A caller on last week’s Vox Pop show on WAMC worried about Nibiru. That’s the planet supposedly on a collision course with Earth. Like other wacky conspiracies making the rounds, this one insists that scientists and officials are keeping it secret.
Aside from the fact that astronomers are blabbermouths who wouldn’t know how to keep a juicy secret for three minutes, a quick way to dispense with such fearful notions merely requires a little math: What are the chances of an unknown planet crashing into us during our lifetime?
When applied correctly, statistics can deliver hard-drives-full of valuable revelations. Although not a particularly difficult subject, statistics is a discipline notorious for being misused either deliberately or through ineptitude. Then all sorts of mischief bubbles up.
For example, 39 percent of all auto accidents involve alcohol. This means that in 61 percent of accidents, the drivers were not drunk. So, logically, shouldn’t we first go after the people who cause most of the carnage, and get all those sober drivers off the road?
In reality, though they capture most of the headlines, accidents are responsible for only four percent of all US deaths. Compared with heart disease (31 percent of deaths) and cancer (23 percent), all else is relatively minor. The odds are 25-to-1 that you won’t ever die in any kind of accident.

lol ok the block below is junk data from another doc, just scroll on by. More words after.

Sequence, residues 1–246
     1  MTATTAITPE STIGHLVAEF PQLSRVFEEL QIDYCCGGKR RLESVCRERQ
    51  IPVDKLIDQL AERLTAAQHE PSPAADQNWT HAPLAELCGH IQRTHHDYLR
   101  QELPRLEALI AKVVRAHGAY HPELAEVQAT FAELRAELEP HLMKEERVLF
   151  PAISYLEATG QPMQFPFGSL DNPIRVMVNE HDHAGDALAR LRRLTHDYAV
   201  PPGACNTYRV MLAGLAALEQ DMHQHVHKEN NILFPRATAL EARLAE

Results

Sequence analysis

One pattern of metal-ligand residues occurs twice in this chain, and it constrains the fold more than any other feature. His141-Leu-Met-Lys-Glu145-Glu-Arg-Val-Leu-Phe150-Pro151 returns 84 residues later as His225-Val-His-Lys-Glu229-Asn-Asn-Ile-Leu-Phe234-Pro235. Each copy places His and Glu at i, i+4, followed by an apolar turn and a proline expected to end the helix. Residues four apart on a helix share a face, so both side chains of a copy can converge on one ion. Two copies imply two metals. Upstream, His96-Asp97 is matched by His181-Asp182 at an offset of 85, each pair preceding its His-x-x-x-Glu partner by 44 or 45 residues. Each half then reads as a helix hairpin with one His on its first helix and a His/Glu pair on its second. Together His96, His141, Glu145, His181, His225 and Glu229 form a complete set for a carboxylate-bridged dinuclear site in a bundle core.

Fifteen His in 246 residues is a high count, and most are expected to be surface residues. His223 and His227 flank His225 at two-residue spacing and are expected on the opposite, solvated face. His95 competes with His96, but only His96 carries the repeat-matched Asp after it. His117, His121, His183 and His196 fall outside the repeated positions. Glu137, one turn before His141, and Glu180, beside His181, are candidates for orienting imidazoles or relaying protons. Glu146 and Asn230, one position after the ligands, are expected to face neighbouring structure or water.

Even after a typical lifetime of driving 15,000 miles a year for 50 years, your risk of eventually dying in a crash is just one in 88. Mile for mile, motorcycles are 18 times deadlier than cars, and bicycles are up there, too. In reality, all travel entails some risk. The exact peril depends on how far you roam. In an entire lifetime, the average American walks 65,000 miles and rides about a million miles. This is unique to our time.
Because of the low understanding of odds and danger, some fear that their cruise ship might sink, or worry about radiation from nuclear power plants or Earth colliding with an asteroid, though none carry an actual risk worth a second thought. Paradoxically, many of these same arithmophobic worriers drive fast in areas rife with deer, neglect colonoscopies, spend money on lottery tickets or let themselves get 20 percent overweight.
The lottery. Let me share a new calculation: The New York Lotto, a typical pick-six game, has winning odds of one in 45,057,474. That’s about half the interval between global cataclysms – meaning that Earth suffered widespread destruction 65 million, 200 million, 251 million, 364 million and 439 million years ago: roughly 90 million years between sudden major extinctions. So this year there’s only half the chance of Earth getting clobbered than of you winning the lottery.
Want more reassurance? There are 31,500,000 seconds in a year. Say it takes me one second to go “ah-choo” when I sneeze, and say I’ll sneeze just once in 2017. You win a big prize if you guess the correct second. Wherever you are, you must snap your finger during my sole 2017 “ah-choo.” Snap it a second early and you lose. Would you try it? I don’t think so. Yet you’d have 50 percent better odds of picking the precise sneeze moment than of winning the Lotto.
Don’t know how I got started on this. I guess the point is: Don’t worry.